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Thursday, May 5, 2016

Soy Energy LLC to buy Mason City plant

Thursday, April 8, 2010

Investors originally planned new plant near Marcus

Investors who originally planned on a soy diesel plant east of Marcus have been patiently waiting for some kind of good news from the company, and then this week the Soy Energy board announced that were purchasing Freedom Fuels in Mason City.

Freedom Fuels was in the process of going through a Chapter 11 bankruptcy, but then switched to a Chapter 7 bankruptcy. Soy Energy is moving closer to owning the biodiesel plant through direct negotiations for this facility from the bank group that now owns it.

Soy Energy has signed an Asset Purchase agreement and a loan document. The purchase price is $10 million with a direct payment of $4 million and a loan for $6 million to be financed over an 11-year period. The interest rate of approximately 5-percent is fixed for a 5-year period plus one year of construction. After the 5-year period, the interest rate will adjust to a fixed rate equal to the Five-Year LIBOR/Swap Rate plus 3.5-percent but in no case less than 5-percent.

Pursuant to the asset Purchase Agreement, Soy Energy will become the owner 100 percent of the Mason City plant. This plant is a 30-million gallon plant with Crown technology and over 3-million gallons storage located on approximately 42 acres. It is in excellent location with access to two railroad lines and near Interstates 90 and 35.

The Soy Energy Board plans on installing a corn oil module on the front-end of the plant to make the facility capable of using multiple feed stocks. So with $10 million for purchasing the plant rather than build one at $68 million and purchasing a front-end corn oil module, the Board is delighted with the prospect of conserving their financial resources ($50 million), which is a great investment for the Soy Energy LLC investors.

An annual meeting will be held sometime by the end of May or early June so investors can vote to give their approval of this project. Investors may vote in person at the meeting or by proxy delivered by U.S. mail or FAX before the meeting.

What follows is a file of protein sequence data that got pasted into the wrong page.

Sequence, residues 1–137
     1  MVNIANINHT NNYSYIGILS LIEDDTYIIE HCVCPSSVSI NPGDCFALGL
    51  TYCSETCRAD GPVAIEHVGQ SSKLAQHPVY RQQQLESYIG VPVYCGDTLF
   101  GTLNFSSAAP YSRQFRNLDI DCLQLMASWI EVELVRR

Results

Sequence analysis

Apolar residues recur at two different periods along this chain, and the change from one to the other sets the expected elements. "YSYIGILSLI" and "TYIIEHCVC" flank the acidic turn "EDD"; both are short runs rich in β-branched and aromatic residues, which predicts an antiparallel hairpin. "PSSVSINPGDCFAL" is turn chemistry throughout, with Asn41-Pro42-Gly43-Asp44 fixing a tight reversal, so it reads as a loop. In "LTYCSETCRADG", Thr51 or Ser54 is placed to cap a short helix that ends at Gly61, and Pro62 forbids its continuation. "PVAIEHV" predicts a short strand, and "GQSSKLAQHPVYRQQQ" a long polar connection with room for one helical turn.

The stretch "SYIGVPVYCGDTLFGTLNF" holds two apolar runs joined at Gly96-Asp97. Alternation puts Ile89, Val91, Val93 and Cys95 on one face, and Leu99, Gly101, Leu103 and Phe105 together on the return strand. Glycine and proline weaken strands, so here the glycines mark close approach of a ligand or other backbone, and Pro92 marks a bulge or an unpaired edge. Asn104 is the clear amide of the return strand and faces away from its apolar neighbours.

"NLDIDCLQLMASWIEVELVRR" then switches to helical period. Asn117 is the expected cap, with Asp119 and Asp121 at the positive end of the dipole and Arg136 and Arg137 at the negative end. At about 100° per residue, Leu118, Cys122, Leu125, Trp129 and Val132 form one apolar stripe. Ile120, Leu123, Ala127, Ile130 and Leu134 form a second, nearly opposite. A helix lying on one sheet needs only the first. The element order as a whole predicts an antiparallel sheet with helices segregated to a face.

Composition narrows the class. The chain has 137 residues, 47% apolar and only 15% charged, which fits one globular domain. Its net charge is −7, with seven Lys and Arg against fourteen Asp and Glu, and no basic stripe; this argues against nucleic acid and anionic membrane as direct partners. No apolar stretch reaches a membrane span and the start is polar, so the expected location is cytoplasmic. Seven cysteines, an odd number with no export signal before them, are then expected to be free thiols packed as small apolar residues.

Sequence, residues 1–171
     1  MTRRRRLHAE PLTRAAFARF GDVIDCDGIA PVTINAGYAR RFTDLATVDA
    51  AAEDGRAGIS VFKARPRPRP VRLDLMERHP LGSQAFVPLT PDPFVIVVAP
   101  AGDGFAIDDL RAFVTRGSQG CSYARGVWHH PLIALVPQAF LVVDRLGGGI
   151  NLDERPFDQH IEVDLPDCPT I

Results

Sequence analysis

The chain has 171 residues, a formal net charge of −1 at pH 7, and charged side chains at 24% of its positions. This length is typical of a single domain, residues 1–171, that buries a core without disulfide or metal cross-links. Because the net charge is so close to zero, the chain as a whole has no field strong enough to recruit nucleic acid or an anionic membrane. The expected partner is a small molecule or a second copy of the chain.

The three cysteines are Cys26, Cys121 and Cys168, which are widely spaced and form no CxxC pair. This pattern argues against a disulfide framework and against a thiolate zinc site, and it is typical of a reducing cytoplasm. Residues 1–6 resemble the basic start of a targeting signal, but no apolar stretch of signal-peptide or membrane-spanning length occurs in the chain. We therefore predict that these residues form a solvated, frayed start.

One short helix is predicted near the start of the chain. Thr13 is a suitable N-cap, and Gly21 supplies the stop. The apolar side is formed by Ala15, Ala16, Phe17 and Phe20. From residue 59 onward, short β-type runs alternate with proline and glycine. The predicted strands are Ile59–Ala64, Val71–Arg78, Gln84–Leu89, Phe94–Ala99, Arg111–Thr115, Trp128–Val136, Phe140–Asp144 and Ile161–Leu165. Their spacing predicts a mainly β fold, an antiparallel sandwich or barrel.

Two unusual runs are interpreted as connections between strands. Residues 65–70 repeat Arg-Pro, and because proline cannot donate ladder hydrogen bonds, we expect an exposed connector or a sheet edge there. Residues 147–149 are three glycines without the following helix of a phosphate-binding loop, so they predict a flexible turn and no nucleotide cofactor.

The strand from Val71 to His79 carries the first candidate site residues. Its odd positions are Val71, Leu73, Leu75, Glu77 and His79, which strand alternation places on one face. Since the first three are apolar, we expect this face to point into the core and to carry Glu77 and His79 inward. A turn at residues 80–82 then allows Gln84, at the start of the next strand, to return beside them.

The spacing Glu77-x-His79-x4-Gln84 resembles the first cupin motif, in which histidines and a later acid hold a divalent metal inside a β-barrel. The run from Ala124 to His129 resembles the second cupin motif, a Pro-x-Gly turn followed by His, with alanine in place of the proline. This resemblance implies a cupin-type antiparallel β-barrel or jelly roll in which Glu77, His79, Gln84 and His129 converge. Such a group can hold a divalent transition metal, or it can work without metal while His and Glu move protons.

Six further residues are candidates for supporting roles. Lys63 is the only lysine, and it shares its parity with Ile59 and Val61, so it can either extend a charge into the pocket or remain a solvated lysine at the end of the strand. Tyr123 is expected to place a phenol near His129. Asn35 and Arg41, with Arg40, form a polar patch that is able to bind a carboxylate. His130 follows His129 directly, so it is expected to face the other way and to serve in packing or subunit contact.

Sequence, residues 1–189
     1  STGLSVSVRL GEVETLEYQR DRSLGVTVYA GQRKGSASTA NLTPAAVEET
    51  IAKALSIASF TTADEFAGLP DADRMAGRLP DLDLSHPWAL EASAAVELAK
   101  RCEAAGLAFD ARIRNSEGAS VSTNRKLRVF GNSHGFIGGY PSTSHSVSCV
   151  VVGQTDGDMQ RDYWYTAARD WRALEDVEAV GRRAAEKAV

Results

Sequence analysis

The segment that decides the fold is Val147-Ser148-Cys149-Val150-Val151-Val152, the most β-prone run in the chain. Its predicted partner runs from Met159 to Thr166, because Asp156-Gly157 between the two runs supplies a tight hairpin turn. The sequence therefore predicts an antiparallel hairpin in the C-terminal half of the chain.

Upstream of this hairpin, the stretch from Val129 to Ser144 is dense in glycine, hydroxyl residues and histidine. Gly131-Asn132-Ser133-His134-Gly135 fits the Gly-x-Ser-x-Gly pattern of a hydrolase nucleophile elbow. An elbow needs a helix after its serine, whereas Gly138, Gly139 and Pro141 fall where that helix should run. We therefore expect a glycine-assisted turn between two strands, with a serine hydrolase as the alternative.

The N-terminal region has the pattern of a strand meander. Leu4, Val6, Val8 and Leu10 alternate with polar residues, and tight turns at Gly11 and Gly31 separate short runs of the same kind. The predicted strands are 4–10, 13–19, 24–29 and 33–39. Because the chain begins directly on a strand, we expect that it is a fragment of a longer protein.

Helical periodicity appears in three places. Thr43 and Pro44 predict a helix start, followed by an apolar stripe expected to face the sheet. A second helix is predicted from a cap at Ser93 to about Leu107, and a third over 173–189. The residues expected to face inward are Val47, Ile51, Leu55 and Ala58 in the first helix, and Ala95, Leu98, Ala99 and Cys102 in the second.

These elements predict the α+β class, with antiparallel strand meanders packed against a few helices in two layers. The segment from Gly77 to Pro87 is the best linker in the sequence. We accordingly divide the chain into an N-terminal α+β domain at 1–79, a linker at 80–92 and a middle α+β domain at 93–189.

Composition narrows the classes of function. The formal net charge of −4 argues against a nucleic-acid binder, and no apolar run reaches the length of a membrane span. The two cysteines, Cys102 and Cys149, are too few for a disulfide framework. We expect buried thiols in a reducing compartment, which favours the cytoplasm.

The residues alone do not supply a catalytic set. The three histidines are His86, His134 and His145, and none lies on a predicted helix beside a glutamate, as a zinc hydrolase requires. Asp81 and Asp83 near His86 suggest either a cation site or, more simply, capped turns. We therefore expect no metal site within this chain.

In addition to voting on the plant, investors will vote on two amendments to the operating agreement: 1. To provide for the transfer of units under the operating agreement as soon as the asset Purchase Agreement is approved and closes; 2. To allow the Board of Directors to set the number of Directors within a range between five and 11 (currently this is set at a range of seven to 15). This will set the number of Directors positions. Investors will still vote to elect Directors.

The Board has been very diligent in planning, as members want to do as much business as possible with businesses in this area represented by the investors. There will be economic gain in Cherokee County and the surrounding area as money returns to local investors. The Board's intent was originally to build a new plant near Marcus but with economic issues totally out of their control, they have pursued the course they feel is best for the investors. That is the stated number one concern of the board, "What makes the best investment for the investors?"

The land purchase for erecting a biodiesel plant east of Marcus will be retained and rented out. Income from rent pays taxes on the land which could be used for further economic development.

Prior to the annual meeting, a biodiesel marketer will be selected to use in the event that closure on the purchase of the plant and the new business plan is approved by investors. The group has narrowed it down to three major marketers. The final decision will be made by the Board and communicated to investors promptly after the appointment.. They are also working on securing corn oil for the facility.

Before the annual/special meeting, some preliminary engineering will be done to get a guaranteed price on the front-end corn module. They are thinking it will take eight to nine months to get it installed. While that is being constructed, the plant will have the ability to manufacture biodiesel from other vegetable oils. The Board has been contacted by companies interested in supplying these vegetable oils and are looking at these opportunities.

As to whether the Biodiesel Credit will be extended, the U.S. Senate included an extension on March 10 that included a number of legislative measures, a variety of tax provisions, an extension of unemployment insurance benefits, and several health-care related provisions. Now, the Senate and House of Representatives must reconcile the differences between the two. The House passed its version in Dec. 2009. The federal government has mandated the use of 1.15 billion gallons of biodiesel in 2010. This amount is set to increase in subsequent years.

Two current employees of Freedom Fuels are overlooking the plant's daily maintenance - the process manager and maintenance manager. Weekly contact is kept with these two individuals and they have reported the plant is in good condition. If investors approved the new business plan, the Board intends to attempt to recruit former employees of the plant. The board feels they are an excellent group of certified employees who are experienced in biodiesel production.

In this writer;s opinion, saving $50 million for the investors in the Soy Energy LLC is one of the best things that can be said about the company's announced purchase of Freedom Fuels.



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